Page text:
Distinguish, differentiate, compare and explain what is the Difference between Alpaca and Llama. Comparison and Differences.
Llamas and alpacas are quiet, intelligent, easily trained animals that can provide fleece and potentially a variety of services to the owner. They are adaptable to different climates and terrains. Alpacas and llamas offer a comparatively low-impact livestock alternative. Their padded feet do not have the same effect on the ground as hooves. In addition, they have efficient digestive systems and tend to consolidate feces, helping to control parasites and ease manure collection.
The llama and alpaca have been domesticated in South America for many centuries. There the llama is used as a beast of burden, as a fiber source, and as a meat source. The alpaca is used primarily for fiber production but is also a meat source in South America.
Difference between Llama and Alpaca
1. Alpaca has soft fleece and they listens to human commands. Llama has a knife in its fur and they listens to Norwegian death metal.
2. Alpaca eats grass and is even-tempered. Llama eats old corn dogs and is constantly drunk.
3. Llamas have, what has been coined as, “banana ears” meaning their ear shape resembles a banana while alpaca ears are small and straight.
4. Llamas can weigh up to 400 lbs, have faces that are longer, and are more independent. Alpacas can reach a maximum weight of 145 lbs, have faces that tend to be smaller and blunted, and are more herd-minded.
5. There is also a difference in their fiber. Alpacas have a single coat, which is finer, produce a greater amount of fiber, and come in 22 different colors. Alpacas have two different type classifications. Llamas, on the other hand, generally have a double coat, which is coarse on the outside and soft on the inside, and come in four different classification types.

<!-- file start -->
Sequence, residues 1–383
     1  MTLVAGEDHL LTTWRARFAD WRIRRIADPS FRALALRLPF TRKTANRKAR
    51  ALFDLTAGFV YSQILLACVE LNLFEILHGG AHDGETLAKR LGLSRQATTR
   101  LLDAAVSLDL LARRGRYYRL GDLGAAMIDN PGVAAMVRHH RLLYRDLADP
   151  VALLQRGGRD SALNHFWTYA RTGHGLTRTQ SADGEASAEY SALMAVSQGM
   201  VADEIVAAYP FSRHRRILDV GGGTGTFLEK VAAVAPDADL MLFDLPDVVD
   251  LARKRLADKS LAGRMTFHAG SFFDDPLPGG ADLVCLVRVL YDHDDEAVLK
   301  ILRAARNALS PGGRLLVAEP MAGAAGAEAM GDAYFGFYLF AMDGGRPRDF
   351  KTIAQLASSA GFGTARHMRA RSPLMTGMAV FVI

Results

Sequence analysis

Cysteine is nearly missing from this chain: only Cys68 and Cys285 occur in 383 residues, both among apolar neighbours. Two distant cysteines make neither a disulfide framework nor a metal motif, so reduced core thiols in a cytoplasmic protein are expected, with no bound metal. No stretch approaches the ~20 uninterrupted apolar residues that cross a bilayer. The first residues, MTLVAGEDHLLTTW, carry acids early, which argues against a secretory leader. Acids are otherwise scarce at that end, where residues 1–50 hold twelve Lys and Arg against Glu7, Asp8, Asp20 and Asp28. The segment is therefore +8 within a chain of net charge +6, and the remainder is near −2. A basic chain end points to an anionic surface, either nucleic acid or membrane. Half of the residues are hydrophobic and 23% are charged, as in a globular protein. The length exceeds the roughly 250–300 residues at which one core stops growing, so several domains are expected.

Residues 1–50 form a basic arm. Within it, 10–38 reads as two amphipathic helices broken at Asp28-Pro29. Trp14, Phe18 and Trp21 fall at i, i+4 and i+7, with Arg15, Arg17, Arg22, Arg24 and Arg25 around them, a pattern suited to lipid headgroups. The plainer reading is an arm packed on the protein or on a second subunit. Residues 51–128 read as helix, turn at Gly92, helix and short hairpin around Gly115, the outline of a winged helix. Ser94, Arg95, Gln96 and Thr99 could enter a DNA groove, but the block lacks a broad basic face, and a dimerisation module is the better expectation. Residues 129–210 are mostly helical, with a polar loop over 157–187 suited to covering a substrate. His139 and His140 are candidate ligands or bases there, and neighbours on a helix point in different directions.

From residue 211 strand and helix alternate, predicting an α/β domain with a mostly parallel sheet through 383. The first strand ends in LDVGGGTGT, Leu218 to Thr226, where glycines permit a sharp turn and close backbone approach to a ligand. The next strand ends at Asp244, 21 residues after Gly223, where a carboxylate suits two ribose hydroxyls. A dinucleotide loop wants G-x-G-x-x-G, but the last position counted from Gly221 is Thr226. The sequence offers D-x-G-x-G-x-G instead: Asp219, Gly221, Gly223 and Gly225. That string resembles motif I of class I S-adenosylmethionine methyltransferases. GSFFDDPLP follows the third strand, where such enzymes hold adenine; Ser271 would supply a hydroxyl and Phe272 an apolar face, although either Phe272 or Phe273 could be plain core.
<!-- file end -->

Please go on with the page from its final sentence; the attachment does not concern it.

6. On a final note, llamas make better pack animals than alpacas do due to their larger overall size that permits them to carry larger loads for longer.
Similarities between Llamas and Alpacas
Despite their differences, llamas and alpacas have many similarities. To begin with, they both have their roots in South America and are part of the camelid family. They are also both used for fiber and even have a common classification type, which is called “Suri”. Llamas and alpacas are both known to spit when displeased, have very similar physiological parts, and have nails instead of hooves. When it comes to breeding, both are induced ovulators, have a gestation period of approximately 350 days, their young are called crias, and males in llamas and alpacas reach sexual maturity around three years old. Their diets are also the same since they are both herbivores.
History of Llamas
Llamas were first domesticated 4,000 to 5,000 years ago in the Andean Highlands. Many prominent people, including William Randolph Hearst, imported llamas to the United States in the late 1800s and early 1900s.
Typical weight of adult llamas can range from about 250 to 450 pounds. Their height at the shoulder is 42 to 45 inches, and at the head from 5 1/2 to over 6 feet tall. Llamas can live 20 to 25 years. They come in a wide array of colors from white to black, with shades of grey, brown, and red in between. They range from one solid color to various patterns and spots. There are different types of llamas: the wooly llama, the classic llama, the suri llama, and the silky llama.
Llama prices vary regionally, with pet-quality animals costing as little as $500. Prices depend upon the age, sex of the animal (males usually cost less), quality of breeding or show stock, and bloodlines. The low end of the female price range is $2,000.
History of Alpacas
The alpaca was first imported to the United States in 1984. The majority of alpacas reside in South America, with growing herds in North America, Australia, New Zealand, and Europe. There are two types of alpacas, the huacaya and the suri.
Huacaya is the most common variety of alpaca. The fiber of huacaya alpacas grows perpendicular to the body. It forms a lock structure that surrounds the body with fiber, giving the animal a fluffy, spongy appearance.
Suri is a less-common variety of alpaca. The fiber of suri alpacas grows parallel to the body and hangs down the sides of the body in curly ringlets. Suri fiber doesn’t stand out from the body, but parts along the backbone and hangs along the sides, giving the animal a slender, sleek look.
Difference between Llama vs Alpaca
Alpaca vs Llama
Differences between Llama vs Alpaca